The Are We Realising Our Potential Inquiry MEMORANDUM by The Royal Society of Edinburgh
The Royal Society of Edinburgh (RSE) is pleased to respond to the Select Committee’s request for comments on the 'Are We Realising Our Potential' Inquiry. The RSE is Scotland's National Academy of Science and Letters, comprising Fellows elected on the basis of their distinction, from the full range of academic disciplines, and from industry, commerce and the professions. This response distils the views of a wide cross section of Fellows. The timetable for submission meant it was not possible for it to be fully considered by the Council of the Society, and has, therefore, been approved by the Officers on its behalf. Given his prior involvement as Chief Scientific Adviser in the White Paper, and because he has given evidence separately to the Select Committee, the Society's President, Sir William Stewart, has not been involved in producing or approving the RSE's response.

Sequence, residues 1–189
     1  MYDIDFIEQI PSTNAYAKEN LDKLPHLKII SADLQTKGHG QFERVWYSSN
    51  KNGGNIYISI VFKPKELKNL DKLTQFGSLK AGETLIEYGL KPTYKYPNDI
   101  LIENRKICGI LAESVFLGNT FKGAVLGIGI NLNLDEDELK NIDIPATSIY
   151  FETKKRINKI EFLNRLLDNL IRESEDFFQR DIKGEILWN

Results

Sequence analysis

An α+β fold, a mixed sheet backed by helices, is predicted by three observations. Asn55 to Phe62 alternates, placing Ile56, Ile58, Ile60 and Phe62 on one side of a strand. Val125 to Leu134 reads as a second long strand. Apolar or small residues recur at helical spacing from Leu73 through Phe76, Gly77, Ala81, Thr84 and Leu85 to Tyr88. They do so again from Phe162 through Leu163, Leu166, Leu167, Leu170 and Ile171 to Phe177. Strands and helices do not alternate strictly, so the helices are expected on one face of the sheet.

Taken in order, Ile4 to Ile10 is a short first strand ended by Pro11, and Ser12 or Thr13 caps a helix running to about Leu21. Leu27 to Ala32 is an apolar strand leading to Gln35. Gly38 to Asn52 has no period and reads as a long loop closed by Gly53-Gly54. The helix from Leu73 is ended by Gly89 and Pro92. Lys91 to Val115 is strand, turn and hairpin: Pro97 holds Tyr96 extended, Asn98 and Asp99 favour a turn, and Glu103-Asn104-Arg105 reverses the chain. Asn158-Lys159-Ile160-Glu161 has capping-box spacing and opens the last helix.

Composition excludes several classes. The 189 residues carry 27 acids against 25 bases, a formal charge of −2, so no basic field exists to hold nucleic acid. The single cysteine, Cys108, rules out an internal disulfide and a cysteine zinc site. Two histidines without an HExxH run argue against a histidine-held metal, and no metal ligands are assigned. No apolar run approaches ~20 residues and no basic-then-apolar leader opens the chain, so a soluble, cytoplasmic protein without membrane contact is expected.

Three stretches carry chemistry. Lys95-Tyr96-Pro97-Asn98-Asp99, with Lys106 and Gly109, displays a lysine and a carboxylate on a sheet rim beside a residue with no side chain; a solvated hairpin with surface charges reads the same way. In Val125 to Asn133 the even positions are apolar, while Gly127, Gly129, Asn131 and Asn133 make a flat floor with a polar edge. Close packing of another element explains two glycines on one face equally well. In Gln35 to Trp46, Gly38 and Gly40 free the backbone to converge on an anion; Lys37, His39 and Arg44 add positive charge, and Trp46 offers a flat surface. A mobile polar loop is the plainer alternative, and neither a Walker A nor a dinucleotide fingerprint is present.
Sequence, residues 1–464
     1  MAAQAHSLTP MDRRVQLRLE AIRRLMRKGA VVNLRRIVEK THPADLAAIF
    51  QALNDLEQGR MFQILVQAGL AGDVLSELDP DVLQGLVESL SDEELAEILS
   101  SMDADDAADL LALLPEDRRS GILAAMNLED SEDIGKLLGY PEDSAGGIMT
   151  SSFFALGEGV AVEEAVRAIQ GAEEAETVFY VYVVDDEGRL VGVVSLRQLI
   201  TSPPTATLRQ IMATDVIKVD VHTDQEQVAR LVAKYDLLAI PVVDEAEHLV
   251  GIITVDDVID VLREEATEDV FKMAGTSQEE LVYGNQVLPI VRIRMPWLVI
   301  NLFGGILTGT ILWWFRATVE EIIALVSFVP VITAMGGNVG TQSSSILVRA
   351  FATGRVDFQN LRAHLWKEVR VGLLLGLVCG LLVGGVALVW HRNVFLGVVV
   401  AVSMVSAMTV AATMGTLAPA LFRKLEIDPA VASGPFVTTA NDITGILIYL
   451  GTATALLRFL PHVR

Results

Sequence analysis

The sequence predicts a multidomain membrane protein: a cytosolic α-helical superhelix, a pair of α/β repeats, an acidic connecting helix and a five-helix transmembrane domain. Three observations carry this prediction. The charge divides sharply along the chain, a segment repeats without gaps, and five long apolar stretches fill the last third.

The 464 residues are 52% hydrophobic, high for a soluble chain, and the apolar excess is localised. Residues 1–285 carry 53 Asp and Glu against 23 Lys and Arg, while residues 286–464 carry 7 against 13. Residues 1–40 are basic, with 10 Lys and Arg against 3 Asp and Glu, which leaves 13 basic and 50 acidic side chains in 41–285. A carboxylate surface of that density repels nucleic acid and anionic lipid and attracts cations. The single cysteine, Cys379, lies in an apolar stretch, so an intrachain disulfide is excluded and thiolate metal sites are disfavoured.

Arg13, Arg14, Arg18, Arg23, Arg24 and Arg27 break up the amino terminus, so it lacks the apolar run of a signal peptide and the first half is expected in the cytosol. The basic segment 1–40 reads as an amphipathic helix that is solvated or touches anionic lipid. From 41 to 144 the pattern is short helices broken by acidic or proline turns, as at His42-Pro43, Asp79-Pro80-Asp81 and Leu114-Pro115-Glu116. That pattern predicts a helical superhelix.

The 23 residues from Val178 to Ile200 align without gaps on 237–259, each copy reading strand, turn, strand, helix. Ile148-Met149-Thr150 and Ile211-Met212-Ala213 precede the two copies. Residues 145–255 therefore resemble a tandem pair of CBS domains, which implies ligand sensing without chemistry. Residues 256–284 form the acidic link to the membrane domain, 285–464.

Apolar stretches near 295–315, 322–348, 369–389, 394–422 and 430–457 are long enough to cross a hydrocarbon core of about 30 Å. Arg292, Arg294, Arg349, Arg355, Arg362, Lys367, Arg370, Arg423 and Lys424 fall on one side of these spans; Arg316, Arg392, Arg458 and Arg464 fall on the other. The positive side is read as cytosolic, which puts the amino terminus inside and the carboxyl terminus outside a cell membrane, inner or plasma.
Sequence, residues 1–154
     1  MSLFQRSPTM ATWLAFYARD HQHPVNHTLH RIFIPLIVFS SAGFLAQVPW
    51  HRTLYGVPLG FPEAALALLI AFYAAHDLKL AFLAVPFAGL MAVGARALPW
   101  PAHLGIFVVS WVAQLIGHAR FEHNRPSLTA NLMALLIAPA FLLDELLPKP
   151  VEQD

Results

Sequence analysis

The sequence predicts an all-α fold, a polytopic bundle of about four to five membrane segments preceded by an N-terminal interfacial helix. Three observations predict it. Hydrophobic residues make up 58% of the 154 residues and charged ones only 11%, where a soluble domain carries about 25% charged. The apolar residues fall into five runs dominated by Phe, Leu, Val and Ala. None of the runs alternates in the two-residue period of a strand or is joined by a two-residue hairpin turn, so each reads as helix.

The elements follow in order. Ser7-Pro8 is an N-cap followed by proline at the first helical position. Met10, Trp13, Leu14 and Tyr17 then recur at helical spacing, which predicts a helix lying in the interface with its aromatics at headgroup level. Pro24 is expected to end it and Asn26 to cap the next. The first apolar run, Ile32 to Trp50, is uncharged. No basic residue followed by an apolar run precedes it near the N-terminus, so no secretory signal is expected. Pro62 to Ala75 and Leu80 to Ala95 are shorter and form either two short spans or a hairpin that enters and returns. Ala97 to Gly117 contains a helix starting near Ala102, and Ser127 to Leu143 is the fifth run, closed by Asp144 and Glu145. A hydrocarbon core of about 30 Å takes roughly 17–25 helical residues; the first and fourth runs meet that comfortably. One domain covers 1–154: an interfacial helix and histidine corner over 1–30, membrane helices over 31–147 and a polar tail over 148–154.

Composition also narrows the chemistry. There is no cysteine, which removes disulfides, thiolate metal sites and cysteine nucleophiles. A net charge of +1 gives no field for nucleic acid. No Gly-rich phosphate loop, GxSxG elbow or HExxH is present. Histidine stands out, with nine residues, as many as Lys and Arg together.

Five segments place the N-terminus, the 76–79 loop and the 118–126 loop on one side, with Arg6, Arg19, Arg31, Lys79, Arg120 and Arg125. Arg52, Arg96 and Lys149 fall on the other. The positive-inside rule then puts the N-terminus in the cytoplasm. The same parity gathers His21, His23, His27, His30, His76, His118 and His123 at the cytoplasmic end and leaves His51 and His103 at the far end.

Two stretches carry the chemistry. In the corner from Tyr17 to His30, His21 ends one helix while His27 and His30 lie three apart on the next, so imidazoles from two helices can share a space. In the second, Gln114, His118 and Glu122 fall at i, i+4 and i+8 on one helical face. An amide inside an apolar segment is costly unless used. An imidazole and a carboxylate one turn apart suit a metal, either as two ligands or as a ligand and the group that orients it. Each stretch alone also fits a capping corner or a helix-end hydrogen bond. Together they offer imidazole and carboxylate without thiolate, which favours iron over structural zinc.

The Realising our Potential White Paper of 1993 was an important landmark in recognising the importance of the research base and its contribution to the wealth of the UK. It paved the way for what has been built on and adopted since, and demonstrably raised the profile of science. The development of the Office of Science and Technology (OST) and the reorganisation of the Research Councils have been highly beneficial, resulting in an important voice for science in Government. The concepts of public/private partnerships in science funding are now better developed, although the UK is still playing below an international level in industry research and development (R&D). On the whole, therefore, the Realising our Potential White Paper must be regarded as a significant success. It would be foreshortening our options and vision, however, to say that we are yet fully 'realising our potential': there is ample scope to continue to build upon the White Paper's aspirations.